With shell=False you pass a list of arguments to the OS, bypassing the shell.

When you don"t have a shell, you save a process and get rid of a fairly substantial amount of hidden complexity, which may or may not harbor bugs or even security problems.

On the other hand, when you don"t have a shell, you don"t have redirection, wildcard expansion, job control, and a large number of other shell features.

A common mistake is to use shell=True and then still pass Python a list of tokens, or vice versa. This happens to work in some cases, but is really ill-defined and could break in interesting ways.

buggy ="dig +short")

broken =["dig", "+short", ""],

pathological =["dig +short"],

correct =["dig", "+short", ""],
    # Probably don"t forget these, too
    check=True, text=True)

# XXX Probably better avoid shell=True
# but this is nominally correct
fixed_but_fugly ="dig +short",
    # Probably don"t forget these, too
    check=True, text=True)

The common retort "but it works for me" is not a useful rebuttal unless you understand exactly under what circumstances it could stop working.

Refactoring Example

Very often, the features of the shell can be replaced with native Python code. Simple Awk or sed scripts should probably simply be translated to Python instead.

To partially illustrate this, here is a typical but slightly silly example which involves many shell features.

cmd = """while read -r x;
   do ping -c 3 "$x" | grep "round-trip min/avg/max"
   done <hosts.txt"""

# Trivial but horrible
results =
    cmd, shell=True, universal_newlines=True, check=True)

# Reimplement with shell=False
with open("hosts.txt") as hosts:
    for host in hosts:
        host = host.rstrip("
")  # drop newline
        ping =
             ["ping", "-c", "3", host],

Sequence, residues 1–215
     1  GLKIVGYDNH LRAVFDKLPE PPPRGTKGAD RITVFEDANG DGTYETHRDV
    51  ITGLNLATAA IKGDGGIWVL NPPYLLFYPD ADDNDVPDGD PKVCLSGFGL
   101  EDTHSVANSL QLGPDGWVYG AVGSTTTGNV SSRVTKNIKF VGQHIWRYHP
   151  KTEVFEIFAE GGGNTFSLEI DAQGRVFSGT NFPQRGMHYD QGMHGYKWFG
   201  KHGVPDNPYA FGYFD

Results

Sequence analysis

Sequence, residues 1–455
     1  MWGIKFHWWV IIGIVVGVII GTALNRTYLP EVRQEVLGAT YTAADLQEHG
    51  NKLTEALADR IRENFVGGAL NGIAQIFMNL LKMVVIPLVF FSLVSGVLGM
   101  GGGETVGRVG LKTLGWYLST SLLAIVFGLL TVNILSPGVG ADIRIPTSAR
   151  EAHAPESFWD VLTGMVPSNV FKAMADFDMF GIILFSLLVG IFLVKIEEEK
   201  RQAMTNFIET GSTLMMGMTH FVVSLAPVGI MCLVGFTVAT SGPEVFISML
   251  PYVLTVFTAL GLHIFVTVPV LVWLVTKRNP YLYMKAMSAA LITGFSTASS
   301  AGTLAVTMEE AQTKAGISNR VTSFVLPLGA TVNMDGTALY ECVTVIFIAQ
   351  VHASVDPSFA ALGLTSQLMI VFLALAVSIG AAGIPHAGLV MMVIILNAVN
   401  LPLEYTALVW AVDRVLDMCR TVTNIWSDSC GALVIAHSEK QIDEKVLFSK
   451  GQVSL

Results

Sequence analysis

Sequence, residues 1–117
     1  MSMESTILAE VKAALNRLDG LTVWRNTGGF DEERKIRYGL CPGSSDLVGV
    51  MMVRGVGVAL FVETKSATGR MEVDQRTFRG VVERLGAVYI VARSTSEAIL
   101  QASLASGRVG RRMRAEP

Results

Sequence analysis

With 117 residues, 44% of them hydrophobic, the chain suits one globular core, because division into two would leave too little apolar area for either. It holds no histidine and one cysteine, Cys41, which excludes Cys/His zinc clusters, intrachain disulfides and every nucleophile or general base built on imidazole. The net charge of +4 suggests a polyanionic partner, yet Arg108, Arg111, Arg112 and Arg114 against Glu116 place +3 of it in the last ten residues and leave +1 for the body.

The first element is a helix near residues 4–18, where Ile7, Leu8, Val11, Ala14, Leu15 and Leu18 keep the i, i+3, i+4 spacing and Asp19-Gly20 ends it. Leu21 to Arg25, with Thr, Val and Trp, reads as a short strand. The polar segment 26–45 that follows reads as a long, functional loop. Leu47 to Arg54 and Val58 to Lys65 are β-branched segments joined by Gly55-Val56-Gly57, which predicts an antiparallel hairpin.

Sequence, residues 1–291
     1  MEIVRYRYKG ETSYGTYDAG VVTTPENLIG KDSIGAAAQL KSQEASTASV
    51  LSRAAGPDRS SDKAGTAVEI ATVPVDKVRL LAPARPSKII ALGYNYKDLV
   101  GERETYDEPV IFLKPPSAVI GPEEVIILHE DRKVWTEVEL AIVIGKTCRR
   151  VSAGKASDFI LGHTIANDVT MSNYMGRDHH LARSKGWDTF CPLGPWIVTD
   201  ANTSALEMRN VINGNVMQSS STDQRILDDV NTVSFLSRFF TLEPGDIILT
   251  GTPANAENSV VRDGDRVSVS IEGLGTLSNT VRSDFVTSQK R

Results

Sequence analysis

for line in ping.stdout.split("
             if "round-trip min/avg/max" in line:
                 print("{}: {}".format(host, line))

Some things to note here:

  • With shell=False you don"t need the quoting that the shell requires around strings. Putting quotes anyway is probably an error.
  • It often makes sense to run as little code as possible in a subprocess. This gives you more control over execution from within your Python code.
  • Having said that, complex shell pipelines are tedious and sometimes challenging to reimplement in Python.

The refactored code also illustrates just how much the shell really does for you with a very terse syntax -- for better or for worse. Python says explicit is better than implicit but the Python code is rather verbose and arguably looks more complex than this really is. On the other hand, it offers a number of points where you can grab control in the middle of something else, as trivially exemplified by the enhancement that we can easily include the host name along with the shell command output. (This is by no means challenging to do in the shell, either, but at the expense of yet another diversion and perhaps another process.)

Common Shell Constructs

For completeness, here are brief explanations of some of these shell features, and some notes on how they can perhaps be replaced with native Python facilities.

  • Globbing aka wildcard expansion can be replaced with glob.glob() or very often with simple Python string comparisons like for file in os.listdir("."): if not file.endswith(".png"): continue. Bash has various other expansion facilities like .{png,jpg} brace expansion and {1..100} as well as tilde expansion (~ expands to your home directory, and more generally ~account to the home directory of another user)